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India – New law, statutory body imperative to foster fair trade practices

Frequent stories of big brands indulging in false advertising should be no surprise, as there is no law to check it

Photo: PTI

Photo: PTI

There is effectively no law in India against false advertising and unfair trade practices. The frequent news stories of big brands indulging in false advertising should be no surprise. As there is no law, businesses are free to be uninhibited in advertising. Whereas businesses do not have “rules of the game” to engage in fair competition, the end loser is the consumer, left in a web of false claims and half truths. Curiously, we started out with a law protecting against unfair trade practices during the “licence permit raj”, and then dropped it when the economy liberalized and competition came in.

How have we come to this stage? The answer will guide in developing a response against unfair trade practices. By the 1980s, there was proliferation of advertising, including false advertising. To regulate advertising, in 1984, Parliament inserted a chapter on unfair trade practices in the Monopolies and Restrictive Trade Practices Act, 1969 (MRTP).

Under the MRTP Act, any person or trader (business entity) could approach the MRTP Commission against an unfair trade practice. If a trader suffered losses due to an unfair trade practice by another trader, he could claim damages. The MRTP Commission could also, on its own knowledge, take up a case of an unfair trade practice. While the MRTP Commission had only one office in New Delhi, it took up a large number of cases of unfair trade practices. Companies approached the MRTP Commission with complaints against other companies, the most famous being the Colgate-Pepsodent advertisement rivalry.

The Consumer Protection Act (CPA) was enacted two years later. The CPA intended to give protection to consumers against unfair trade practices. Towards this, it borrowed the definition of unfair trade practices from the MRTP Act. Thus, another platform emerged for a remedy against an unfair trade practice.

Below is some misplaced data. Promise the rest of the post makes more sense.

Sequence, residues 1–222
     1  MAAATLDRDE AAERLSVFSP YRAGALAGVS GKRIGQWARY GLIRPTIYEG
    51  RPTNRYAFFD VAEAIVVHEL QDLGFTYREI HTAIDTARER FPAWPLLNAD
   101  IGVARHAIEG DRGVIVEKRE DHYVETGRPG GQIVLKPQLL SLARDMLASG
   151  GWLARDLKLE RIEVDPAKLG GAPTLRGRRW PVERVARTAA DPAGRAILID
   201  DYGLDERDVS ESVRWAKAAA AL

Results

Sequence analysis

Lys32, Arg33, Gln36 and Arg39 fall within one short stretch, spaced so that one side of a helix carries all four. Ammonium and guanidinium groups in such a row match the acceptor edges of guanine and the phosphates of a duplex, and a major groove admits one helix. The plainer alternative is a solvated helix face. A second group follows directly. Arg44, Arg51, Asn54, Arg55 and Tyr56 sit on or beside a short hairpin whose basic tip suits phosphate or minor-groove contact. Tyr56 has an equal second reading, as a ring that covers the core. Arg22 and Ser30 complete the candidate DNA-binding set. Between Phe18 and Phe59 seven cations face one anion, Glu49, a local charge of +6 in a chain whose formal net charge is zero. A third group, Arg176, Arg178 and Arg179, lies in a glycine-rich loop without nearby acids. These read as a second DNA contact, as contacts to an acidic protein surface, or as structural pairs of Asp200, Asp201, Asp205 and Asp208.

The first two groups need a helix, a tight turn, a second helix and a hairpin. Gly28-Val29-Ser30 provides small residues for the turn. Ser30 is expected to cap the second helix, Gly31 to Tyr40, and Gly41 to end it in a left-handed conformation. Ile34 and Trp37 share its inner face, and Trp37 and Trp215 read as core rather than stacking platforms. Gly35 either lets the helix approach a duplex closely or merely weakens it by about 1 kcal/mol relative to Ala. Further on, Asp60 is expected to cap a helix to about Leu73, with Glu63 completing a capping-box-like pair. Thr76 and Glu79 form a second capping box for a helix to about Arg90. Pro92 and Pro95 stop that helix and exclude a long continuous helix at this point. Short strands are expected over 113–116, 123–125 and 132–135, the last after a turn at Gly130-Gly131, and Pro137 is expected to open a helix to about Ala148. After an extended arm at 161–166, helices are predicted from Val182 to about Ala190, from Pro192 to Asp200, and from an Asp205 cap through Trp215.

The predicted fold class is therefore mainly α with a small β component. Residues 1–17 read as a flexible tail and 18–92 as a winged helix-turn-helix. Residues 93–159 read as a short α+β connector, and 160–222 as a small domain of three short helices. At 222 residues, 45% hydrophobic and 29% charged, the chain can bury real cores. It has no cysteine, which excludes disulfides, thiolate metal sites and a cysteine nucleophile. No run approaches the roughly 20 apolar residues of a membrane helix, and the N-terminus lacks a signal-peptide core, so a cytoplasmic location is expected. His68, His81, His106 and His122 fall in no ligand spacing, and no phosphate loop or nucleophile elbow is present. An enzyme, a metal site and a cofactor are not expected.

However, for reasons we note later, the remedy under the CPA has remained dormant. At the turn of the century, following changes worldwide, need was felt for a comprehensive law against monopolies and anti-competition business activities.

The central government appointed a committee to study the subject and draft a new law. The committee prepared a report and a draft bill. It excluded unfair trade practices from the draft bill as it did not want to dilute the thrust of the law from anti-competition activities.

The justification given by the committee for the exclusion was that the CPA provided adequate redressal against unfair trade practices. Following recommendations of the committee, the Competition Act, 2002 was enacted, repealing the MRTP Act, 1969. There is no argument against the committee seeking to focus exclusively on fostering competition in drafting competition law. However, the committee should have recommended a separate legislation for (un)fair trade practices.

The justification of the committee, that the CPA provided adequate redressal against unfair trade practices, did not have a basis. Only a consumer can approach a consumer forum for a remedy. A company is not a consumer and thus cannot approach a consumer forum complaining of unfair trade practices.

Further, even a natural person can become a consumer only on entering in a contract for buying goods or availing of services. In most cases, a manufacturer advertises its products, but the consumer contracts with the retailer, not the manufacturer.

Thus, effectively, a person who comes across an unfair trade practice has no remedy. For these reasons, the CPA has almost no relevance in regulating unfair trade practices. The MRTP Act alone was the effective law against unfair trade practices.

The Consumer Protection Bill, 2015 provides redressal against unfair trade practices. However, like the existing CPA, only consumers, that is, natural persons who have entered in a contract, can seek remedy from a consumer forum. The bill is proposing to create an additional body, the Central Consumer Protection Authority. Again, only a consumer can seek remedy from the Authority. That is how it should be.

Since the focus of the law is consumer protection, it should confine itself to benefiting consumers only and not open itself up to business entities seeking remedy. Opening up the authority to all will crowd it with disputes among business entities. However, the bill allows any person to bring an unfair trade practice to the notice of the authority.

Thus, a business entity can draw the attention of the authority to an unfair trade practice. But this is only incidental. A business entity must be provided protection against unfair trade practices and a mechanism to claim remedies.

As law has evolved, the subject of unfair trade practices has fallen in the gap between the competition law and consumer protection. A separate legislation and a statutory body like the Competition Commission are imperative to foster fair trade practices in the economy.

Prof. Akhileshwar Pathak teaches Business Policy at IIM-Ahmedabad. His current interests are in the field of law, liberalization and globalization.

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